The animal trucks were across the yard. The animals were outside under canopies hooked to the trailers enjoying their new surroundings after the long ride.

As I was looking around scouting the terrain, two more trucks pulled in, towing large trailers- not quite house trailers and not quite commercial rigs. They were beautiful and painted bright red. It turns out that these were to be school classrooms for the Mouseketeers. Max called us all together and outlined what we needed to accomplish. He had a clip-board and a bunch of papers. He explained that in California we would need to join a labor union in order to work. I wasn't sure I was going to like that until he advised us that our new rate of pay would be $126.50 per week with time-and-a-half for overtime, and double time for Sundays. This was far better than the $75 a week I had earned during the season, so - without hesitation; I signed my paper and was now a proud member of "The Laborers and Hod Carriers Union, Local 652".

Since we had to work over the weekend in order to get everything done on time for opening, my first pay check amounted to $214.98. I immediately hitched a ride into Santa Ana and purchased a 1946 Ford Sedan. It was black, it ran, and it was only $200.00. I also got my California Drivers License with my home address listed as "Disneyland Circus, Anaheim, California." I was living the high life and proudly drove my car home to the orange grove.

Thanksgiving Dinner

The tent was up, the rigging was all set, the performers were all here, and we had rehearsed with the Mousketeers all week. I had been assigned to Annette Funicello for the spec and web productions. That meant that I would boost her onto her pony for the opening parade and finale numbers and lift her up to her perch for the Spanish Web routine, spinning the rope when necessary and generally spotting her during the aerials. I was excited and as usual, rose early, more than ready for our dress rehearsal. I put on my new dark blue coveralls with the bright red belt and wide stripe down the shoulders and legs. I carefully placed the double pointed service cap on my head. It had the Mickey Mouse Club logo embroidered on it. I put on my brand new five dollar steel toe work boots, looked in the mirror and thought Dick, you're a damn good looking man! I jumped in my new car and tooled over to the employee parking lot. The guard lowered the device in the ground where the sign read "Serious tire damage may occur," and let me pass. I was ready to go. By nine a.m., all the cast and crew had arrived and the dress rehearsal began. Oddly enough, it ran flawlessly and was carefully watched by the Disney staff.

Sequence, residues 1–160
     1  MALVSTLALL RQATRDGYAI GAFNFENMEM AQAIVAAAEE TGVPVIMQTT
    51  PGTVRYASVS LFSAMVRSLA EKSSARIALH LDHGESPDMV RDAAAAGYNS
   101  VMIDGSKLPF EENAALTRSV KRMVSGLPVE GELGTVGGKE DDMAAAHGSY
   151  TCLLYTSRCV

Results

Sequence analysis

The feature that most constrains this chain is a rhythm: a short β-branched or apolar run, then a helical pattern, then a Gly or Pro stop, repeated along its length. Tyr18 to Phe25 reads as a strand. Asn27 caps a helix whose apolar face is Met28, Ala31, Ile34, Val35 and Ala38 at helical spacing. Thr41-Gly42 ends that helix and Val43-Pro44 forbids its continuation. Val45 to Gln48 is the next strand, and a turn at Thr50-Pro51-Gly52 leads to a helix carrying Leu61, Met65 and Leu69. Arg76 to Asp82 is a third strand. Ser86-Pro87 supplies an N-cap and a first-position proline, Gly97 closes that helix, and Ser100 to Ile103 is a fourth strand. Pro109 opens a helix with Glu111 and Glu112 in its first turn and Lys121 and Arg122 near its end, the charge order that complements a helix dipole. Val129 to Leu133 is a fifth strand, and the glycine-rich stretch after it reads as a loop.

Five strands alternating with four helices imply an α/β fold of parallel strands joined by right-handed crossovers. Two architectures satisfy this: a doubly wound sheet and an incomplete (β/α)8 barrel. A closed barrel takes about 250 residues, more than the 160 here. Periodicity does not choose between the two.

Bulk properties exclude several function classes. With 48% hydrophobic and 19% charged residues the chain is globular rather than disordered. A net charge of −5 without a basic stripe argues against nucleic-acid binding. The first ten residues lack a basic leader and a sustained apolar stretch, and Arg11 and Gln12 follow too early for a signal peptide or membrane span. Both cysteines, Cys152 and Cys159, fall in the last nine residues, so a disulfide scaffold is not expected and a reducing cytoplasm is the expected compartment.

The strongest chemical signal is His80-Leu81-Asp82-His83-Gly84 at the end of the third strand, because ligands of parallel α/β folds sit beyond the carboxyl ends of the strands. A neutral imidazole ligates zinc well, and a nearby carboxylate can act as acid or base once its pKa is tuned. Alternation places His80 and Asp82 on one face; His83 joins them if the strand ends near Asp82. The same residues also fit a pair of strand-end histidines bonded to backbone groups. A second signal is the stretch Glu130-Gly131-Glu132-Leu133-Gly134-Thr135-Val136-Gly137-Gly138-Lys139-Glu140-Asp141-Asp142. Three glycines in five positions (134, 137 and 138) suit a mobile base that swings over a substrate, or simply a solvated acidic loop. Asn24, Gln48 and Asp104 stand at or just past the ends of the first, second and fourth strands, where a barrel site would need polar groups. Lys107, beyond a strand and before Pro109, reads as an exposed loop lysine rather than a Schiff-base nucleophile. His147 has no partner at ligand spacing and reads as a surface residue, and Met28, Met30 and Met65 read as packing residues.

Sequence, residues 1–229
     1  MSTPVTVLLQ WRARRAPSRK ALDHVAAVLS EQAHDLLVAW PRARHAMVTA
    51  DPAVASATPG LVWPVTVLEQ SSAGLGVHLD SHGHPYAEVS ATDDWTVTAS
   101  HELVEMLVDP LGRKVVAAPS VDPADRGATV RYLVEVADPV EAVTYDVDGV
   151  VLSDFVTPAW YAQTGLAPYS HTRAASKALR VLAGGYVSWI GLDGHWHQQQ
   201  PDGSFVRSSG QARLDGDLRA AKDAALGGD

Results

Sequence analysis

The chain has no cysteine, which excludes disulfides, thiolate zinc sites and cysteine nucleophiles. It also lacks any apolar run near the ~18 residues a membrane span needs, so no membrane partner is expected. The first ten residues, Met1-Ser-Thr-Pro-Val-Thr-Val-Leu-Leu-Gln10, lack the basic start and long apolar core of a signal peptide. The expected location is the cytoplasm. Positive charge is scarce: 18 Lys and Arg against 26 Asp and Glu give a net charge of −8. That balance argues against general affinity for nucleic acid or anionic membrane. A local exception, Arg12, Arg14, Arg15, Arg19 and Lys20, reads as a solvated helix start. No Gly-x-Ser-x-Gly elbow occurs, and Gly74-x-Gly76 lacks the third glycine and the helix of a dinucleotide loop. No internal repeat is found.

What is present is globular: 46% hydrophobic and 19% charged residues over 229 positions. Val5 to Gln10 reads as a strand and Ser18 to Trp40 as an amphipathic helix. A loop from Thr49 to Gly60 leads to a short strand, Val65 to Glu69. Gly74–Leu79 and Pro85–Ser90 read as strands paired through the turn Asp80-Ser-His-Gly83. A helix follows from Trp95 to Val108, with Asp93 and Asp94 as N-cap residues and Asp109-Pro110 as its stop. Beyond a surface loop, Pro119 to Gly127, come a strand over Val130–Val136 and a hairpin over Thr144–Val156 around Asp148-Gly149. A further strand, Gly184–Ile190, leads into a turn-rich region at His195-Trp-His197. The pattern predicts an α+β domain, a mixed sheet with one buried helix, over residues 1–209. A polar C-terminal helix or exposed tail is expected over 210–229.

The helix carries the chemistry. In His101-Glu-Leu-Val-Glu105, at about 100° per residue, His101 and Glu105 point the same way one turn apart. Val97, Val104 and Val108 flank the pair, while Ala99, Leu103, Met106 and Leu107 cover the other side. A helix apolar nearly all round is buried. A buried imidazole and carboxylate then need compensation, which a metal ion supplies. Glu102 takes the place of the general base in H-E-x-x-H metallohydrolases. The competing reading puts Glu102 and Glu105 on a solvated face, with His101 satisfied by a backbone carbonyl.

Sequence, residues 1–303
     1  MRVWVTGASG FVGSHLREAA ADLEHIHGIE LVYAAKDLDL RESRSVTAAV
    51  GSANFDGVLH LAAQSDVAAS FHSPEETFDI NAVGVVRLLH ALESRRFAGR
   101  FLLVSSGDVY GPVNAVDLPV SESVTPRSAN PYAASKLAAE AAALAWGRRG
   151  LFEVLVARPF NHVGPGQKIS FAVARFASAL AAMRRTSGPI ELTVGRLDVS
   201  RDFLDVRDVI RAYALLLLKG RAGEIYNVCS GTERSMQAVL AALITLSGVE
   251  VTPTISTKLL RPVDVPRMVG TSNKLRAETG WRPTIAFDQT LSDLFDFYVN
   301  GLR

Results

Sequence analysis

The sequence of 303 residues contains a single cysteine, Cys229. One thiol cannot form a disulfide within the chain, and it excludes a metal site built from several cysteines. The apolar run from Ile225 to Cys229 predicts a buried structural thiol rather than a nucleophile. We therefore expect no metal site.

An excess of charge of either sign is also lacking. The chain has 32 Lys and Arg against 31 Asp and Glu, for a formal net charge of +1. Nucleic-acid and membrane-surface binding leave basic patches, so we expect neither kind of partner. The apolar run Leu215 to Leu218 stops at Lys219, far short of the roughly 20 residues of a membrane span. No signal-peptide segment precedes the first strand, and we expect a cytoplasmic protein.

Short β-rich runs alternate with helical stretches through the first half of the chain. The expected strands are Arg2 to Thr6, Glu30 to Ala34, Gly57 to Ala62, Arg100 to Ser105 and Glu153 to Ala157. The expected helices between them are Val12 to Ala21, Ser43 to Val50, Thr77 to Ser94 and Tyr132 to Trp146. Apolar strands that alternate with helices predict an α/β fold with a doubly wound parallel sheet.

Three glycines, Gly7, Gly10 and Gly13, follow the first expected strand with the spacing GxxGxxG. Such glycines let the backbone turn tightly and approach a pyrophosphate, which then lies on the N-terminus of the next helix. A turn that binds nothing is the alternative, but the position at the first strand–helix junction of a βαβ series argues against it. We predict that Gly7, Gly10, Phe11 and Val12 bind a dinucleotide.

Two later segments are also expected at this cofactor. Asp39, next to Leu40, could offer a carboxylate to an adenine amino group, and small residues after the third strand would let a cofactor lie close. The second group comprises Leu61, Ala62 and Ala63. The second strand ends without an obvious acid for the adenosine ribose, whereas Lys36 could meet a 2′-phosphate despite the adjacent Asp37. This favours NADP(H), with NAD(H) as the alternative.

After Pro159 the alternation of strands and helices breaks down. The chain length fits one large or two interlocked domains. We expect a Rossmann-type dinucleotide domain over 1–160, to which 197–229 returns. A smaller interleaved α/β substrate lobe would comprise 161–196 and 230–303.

Ted DeWayne invited everyone to come back to the tent after changing to enjoy a traditional Thanksgiving dinner. When we arrived, there was a magnificent catered spread. There was a straw cornucopia full of fresh fruits, several roast turkeys, mounds of corn on the cob and a large pot of mashed potatoes. There was cranberry sauce and hot gravy. There were gallons of California apple cider and then there were the pies apple, squash and mincemeat. We all picked up a metal tray, paper plates, cups and flatware and walked along the table where we were served, then went to sit in the audience seats to enjoy our meal.

This was a great opportunity to meet some of the performers who had not been with us on the Gil Gray show during the regular season and to kibitz with the Mouseketeers. They were all there and I noticed that Annette and Lonnie were holding hands. Was this behavior allowed? This was my most unusual Thanksgiving ever. From now on Mickey and Minnie would always be included in my holiday celebration along with John and Priscilla.